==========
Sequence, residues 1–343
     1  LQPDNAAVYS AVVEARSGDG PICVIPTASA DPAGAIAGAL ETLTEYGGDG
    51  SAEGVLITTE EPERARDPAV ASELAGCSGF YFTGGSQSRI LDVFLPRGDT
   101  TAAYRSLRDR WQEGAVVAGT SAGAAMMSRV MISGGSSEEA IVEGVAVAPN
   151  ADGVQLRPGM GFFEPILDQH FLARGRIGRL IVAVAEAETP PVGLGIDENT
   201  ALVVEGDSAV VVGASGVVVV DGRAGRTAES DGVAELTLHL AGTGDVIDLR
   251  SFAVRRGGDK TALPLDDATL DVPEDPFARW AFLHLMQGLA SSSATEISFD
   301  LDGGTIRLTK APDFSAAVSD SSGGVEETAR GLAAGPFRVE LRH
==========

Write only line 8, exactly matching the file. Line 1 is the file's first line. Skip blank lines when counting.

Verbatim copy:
   301  LDGGTIRLTK APDFSAAVSD SSGGVEETAR GLAAGPFRVE LRH